Pin It
Miguel Amortegui Copyright 09
The Peace And Love Bar, CalaisMiguel Amortegui

Dancing in the nightclubs of the Calais jungle

‘The life here is very difficult. That’s why we drink. That’s why we dance’

There’s an air of resignation that hangs heavy over the rickety makeshift bars in the Calais ‘Jungle’. The people here are tired – tired of living without their family, tired of searching for peace and happiness, tired of trying to make it to the UK, tired of police brutality. The bars offer a kind of ersatz respite for refugees who are losing all hope of reaching what they see as the promised land.

There are several bars in the ‘Jungle’. They form part of the camp’s mini-ecosystem, alongside shops, restaurants and a barber shop, each a uniformly uneven combination of wood and tarpaulin. With schools, churches, mosques and a library, the ‘Jungle’ has the core ingredients of a town, in a way – but one that everybody wants to leave.

The Peace & Love Bar is run by an Eritrean refugee named Daniel, who gives me a quick tour when I peek my head in for the first time. He built the place four months ago. It has since become a well-established reference point in the camp, and until a designated centre was built recently, weekly distributions for women were held there.

My friends and I had been invited down by a Sudanese refugee named Sadiq. Sadiq was a farmer in Sudan until the civil war split his country in two and the borderline ran straight through his land. Like many in the camp, he wanted to go to the UK because he can speak English and he’s loved British culture since he was a boy. Now, having spent more than six months in the camp, he has all but given up on ever realising his dream. By day, he helps volunteers build shelters for the most vulnerable in the camp, and by night he drinks away the pain with friends from Sudan, Eritrea and Ethiopia.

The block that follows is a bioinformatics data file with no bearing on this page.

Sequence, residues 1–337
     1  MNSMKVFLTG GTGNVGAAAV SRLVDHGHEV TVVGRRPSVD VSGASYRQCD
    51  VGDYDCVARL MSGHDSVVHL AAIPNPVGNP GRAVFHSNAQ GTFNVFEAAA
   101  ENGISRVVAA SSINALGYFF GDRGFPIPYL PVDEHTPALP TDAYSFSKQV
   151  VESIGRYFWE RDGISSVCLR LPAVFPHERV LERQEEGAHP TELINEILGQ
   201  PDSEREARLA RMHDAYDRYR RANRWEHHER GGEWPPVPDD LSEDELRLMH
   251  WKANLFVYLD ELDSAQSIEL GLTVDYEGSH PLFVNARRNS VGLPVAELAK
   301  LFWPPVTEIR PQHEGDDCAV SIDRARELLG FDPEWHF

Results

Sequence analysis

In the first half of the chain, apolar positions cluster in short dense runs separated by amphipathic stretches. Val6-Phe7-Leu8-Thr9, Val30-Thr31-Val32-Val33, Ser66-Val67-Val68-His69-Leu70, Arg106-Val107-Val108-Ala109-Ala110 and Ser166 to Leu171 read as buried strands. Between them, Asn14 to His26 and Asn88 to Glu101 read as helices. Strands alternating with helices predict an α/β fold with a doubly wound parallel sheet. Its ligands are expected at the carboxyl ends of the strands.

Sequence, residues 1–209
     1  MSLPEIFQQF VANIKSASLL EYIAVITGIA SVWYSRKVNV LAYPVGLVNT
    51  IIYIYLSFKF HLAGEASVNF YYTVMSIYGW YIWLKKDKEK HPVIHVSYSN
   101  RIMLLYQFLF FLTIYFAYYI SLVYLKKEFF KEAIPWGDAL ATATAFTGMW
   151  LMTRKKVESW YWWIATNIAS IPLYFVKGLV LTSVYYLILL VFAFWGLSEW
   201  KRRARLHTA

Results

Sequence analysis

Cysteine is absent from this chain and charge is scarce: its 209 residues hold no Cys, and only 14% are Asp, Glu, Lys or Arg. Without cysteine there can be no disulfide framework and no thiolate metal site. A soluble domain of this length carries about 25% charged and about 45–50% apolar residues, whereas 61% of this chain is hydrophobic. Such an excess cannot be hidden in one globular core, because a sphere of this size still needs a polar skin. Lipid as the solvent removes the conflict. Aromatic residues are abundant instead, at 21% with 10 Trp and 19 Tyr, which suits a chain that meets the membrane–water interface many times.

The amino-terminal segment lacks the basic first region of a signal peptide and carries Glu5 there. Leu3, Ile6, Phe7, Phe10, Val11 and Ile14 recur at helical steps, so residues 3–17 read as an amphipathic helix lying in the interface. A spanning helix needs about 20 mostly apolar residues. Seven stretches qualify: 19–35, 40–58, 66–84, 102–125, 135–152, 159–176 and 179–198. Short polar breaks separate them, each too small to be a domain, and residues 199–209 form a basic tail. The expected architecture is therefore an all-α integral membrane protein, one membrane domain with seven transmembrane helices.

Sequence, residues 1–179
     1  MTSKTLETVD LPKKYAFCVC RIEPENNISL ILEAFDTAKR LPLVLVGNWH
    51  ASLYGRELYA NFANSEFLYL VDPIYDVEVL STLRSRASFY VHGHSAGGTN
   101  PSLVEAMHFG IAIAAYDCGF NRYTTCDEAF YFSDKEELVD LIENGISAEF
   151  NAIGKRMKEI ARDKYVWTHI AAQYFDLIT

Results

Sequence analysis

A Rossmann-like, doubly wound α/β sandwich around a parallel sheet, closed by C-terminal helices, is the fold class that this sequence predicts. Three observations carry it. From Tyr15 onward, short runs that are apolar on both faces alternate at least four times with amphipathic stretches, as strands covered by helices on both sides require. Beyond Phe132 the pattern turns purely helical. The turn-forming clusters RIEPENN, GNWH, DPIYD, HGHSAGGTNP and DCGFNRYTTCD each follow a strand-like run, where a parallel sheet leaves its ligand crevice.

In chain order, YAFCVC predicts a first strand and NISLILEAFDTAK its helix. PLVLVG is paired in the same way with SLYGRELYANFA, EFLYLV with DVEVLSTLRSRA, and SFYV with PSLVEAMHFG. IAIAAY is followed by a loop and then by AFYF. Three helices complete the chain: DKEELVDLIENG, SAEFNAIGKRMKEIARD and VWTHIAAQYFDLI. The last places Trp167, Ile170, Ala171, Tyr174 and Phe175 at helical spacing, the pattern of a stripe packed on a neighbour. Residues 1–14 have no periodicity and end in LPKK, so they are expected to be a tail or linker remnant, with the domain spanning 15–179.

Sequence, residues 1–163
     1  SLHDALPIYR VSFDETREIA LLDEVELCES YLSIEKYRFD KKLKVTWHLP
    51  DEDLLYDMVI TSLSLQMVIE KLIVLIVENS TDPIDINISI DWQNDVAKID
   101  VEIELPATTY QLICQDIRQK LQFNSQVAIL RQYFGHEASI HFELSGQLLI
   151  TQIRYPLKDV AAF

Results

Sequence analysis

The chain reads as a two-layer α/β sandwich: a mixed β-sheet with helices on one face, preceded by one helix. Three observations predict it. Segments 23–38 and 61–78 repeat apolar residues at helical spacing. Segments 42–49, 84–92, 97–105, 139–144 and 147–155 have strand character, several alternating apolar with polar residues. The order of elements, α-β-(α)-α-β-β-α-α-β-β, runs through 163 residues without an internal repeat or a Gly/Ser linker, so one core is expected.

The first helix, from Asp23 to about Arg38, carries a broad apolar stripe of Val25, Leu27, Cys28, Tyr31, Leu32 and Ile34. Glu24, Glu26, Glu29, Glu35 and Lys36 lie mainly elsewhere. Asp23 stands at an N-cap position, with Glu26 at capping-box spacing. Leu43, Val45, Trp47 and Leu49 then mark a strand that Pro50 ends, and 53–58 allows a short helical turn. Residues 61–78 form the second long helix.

We took a seat at one of the tables that frame the dancefloor and ordered some Perlembourg 7.9 per cent beers – essentially European Special Brew. Most of the people here didn’t drink at all in their homeland but have since turned to alcohol to numb the pain, settling for a figurative rather than literal escape. “Alcohol is banned in Sudan,” Sadiq’s friend Nader told me as we took a seat. “But I didn't even want to drink there. The life here is very difficult. That’s why we drink. That’s why we dance.”

As in any bar, there were people laughing, dancing and drinking. It soon became obvious that the jokes and the dancing were a thinly-veiled coping mechanism; that the spectre of war, persecution and loss haunts each punchline and every step. Kirtliko fled Eritrea’s oppressive government before finishing his law degree, and dreams of finishing his studies in the UK universities he has read so much about. He is tormented by the trip he made across the Mediterranean: “My brother, my mother, and my sister died in front of me, on the boat,” he explained, before reaching for another beer.

“We need drink because we need to forget. I see the people dying in my eyes but the news tells me the problem is only in Syria,” said Ismael, who fled Darfur in Sudan, where 100 people continue to be killed each day by a government that has destroyed more than 400 villages and displaced millions of people. “We are human. What is the solution?”

As I listened to these stories, others hit the dancefloor, the lilting polyrhythms of Eritrean artists like Abera Beyene and Abraham Afewerki mixed in with big Western hits by Shakira, 50 Cent and more. The people who had shared their awful stories with me eventually danced themselves, creating a circle and showing off their best moves. They hugged me and danced and drank beer and then danced some more.

At around 2am, the final song of the night: Bob Marley’s ‘Three Little Birds’. If I’ve woken up on the wrong side of the bed, that Disney-like chorus – “don’t worry about a thing, because every little thing is gonna be alright” – sounds cloying and saccharine, but hear it sung by people who have lost everything and it’s hard not to be overwhelmed.

When you’re dancing, you don’t think about your friends and family back home. You don’t think about the war. You don’t think about the people you have lost on the treacherous journey across the Mediterranean. You don’t think about how dangerous it’s going to be when you try to make it onto the train to the UK tomorrow. So that’s what you do. You dance.

*some of the names have been changed in this article.